Managing numerous database servers in an organization is difficult. Either we must maintain a list or maintain an Excel file that has a list of database servers. To retrieve basic information about SQL Instance or databases, DBA must query on individual database servers. If a developer wants a DBA to execute an SQL Script on all database servers, DBA must review the list of servers and execute them one by one, which is time-consuming and error-prone. It might happen that DBA missed any server where it was required to execute. Imagine the cases when DBA must execute the script on specific database servers. It becomes very painful. This task can be performed using the PowerShell scripts but again, it requires some complex PowerShell coding. This task can be managed more efficiently using “Registered Servers”.
Registered servers are ones of the SQL Server Management Studio’s hidden gems. Using registered server, DBA gets the ability to execute SQL Query on multiple servers. It helps to administrate multiple database servers. DBA can generate various database reports without accessing an individual database server. We can give a name to each server to easily identify it from a large number of servers.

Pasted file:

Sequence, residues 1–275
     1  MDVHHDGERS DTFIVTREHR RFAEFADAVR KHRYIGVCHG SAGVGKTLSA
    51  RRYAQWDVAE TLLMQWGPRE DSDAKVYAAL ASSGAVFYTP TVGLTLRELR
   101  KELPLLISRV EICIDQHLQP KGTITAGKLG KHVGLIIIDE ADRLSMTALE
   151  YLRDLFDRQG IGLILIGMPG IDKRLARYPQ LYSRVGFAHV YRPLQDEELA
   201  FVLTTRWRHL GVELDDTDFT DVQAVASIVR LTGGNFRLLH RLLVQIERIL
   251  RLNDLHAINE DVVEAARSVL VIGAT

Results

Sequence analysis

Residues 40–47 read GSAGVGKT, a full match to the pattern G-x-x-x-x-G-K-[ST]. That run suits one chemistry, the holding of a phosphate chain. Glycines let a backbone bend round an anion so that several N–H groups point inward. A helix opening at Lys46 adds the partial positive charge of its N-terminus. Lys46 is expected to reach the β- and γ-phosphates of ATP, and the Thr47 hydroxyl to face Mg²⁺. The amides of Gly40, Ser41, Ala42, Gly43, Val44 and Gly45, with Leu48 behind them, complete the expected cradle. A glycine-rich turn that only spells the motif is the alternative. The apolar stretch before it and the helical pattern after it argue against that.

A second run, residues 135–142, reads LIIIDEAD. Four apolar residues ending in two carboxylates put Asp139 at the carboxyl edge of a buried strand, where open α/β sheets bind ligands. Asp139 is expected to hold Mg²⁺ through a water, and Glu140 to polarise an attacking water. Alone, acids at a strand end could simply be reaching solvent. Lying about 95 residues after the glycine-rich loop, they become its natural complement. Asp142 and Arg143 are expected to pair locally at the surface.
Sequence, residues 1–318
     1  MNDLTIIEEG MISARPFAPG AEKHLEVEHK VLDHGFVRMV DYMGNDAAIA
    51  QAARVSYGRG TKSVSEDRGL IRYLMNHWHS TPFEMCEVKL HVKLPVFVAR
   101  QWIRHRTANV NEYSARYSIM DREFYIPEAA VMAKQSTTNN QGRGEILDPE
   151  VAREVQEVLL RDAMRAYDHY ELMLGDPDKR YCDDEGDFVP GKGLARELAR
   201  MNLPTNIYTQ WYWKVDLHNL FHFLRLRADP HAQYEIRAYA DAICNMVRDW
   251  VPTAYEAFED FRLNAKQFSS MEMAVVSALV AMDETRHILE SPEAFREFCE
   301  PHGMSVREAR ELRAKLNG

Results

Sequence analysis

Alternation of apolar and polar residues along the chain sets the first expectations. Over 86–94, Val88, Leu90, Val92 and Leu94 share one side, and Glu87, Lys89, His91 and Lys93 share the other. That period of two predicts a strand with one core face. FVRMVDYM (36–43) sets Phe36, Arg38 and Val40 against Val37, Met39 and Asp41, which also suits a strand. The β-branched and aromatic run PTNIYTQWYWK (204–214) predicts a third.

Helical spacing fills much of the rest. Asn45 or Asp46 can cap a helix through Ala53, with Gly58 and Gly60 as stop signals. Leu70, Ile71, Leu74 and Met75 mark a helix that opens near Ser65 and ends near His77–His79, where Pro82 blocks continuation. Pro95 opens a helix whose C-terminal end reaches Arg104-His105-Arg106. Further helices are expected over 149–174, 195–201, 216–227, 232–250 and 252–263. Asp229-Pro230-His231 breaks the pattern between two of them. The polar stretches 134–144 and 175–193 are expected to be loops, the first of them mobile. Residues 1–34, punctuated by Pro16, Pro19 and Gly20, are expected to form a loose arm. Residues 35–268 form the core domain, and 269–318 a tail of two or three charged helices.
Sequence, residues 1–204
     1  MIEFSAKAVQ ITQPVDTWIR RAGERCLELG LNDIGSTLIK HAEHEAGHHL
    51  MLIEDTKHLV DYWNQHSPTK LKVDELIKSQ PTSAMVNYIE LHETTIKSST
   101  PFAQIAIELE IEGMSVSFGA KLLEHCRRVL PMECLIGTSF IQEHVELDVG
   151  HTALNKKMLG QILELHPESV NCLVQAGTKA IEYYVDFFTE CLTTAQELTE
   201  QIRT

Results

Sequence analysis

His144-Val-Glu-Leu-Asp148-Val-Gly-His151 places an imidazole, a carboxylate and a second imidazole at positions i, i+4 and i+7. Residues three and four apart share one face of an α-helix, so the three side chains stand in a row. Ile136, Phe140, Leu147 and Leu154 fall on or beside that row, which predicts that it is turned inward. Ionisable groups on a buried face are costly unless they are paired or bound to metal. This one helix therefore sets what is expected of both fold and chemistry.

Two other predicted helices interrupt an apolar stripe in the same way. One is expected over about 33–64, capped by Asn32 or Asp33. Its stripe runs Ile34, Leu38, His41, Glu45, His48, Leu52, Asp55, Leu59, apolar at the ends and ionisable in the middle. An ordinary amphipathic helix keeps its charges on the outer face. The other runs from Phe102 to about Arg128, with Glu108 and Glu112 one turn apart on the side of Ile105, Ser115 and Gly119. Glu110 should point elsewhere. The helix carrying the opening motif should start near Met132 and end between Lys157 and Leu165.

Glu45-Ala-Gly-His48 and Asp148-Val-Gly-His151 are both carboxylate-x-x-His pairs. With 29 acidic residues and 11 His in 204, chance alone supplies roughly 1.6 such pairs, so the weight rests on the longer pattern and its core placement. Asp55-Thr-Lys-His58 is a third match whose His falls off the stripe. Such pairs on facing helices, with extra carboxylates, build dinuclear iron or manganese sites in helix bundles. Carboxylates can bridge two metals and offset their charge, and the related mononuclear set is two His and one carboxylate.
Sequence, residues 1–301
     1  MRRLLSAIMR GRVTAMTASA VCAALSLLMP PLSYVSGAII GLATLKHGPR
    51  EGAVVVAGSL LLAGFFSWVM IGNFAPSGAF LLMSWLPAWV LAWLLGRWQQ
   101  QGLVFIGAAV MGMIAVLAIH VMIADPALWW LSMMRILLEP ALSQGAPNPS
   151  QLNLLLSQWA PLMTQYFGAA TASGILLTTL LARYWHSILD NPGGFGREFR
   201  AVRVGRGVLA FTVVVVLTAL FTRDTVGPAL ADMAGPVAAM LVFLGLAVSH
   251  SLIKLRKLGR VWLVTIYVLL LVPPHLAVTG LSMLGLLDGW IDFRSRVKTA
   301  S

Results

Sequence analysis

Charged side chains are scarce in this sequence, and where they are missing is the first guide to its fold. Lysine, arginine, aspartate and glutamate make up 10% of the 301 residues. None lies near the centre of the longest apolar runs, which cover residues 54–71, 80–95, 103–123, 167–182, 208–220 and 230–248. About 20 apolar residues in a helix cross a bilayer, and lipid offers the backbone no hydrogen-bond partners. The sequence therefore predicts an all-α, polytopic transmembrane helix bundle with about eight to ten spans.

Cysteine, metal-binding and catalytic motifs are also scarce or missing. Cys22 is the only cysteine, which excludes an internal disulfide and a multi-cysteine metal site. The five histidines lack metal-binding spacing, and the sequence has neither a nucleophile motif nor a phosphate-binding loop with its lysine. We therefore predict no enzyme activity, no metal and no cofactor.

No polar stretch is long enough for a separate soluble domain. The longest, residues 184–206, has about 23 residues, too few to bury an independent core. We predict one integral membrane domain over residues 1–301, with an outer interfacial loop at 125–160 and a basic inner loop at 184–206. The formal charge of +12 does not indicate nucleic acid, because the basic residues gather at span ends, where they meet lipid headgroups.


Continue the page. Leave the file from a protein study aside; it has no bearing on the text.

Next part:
Below are the benefits of using registered servers:
- Viewing the status of SQL service on registered servers.
- Evaluation of SQL Server policies on multiple servers.
- Creation of a group of servers and provide a user-friendly name.
- Opening object explorer and query editor window of the individual registered server or the entire group.
Registered servers can be created in two ways:
- Using Central Management Servers.
- Using Local server group.
Central Management Server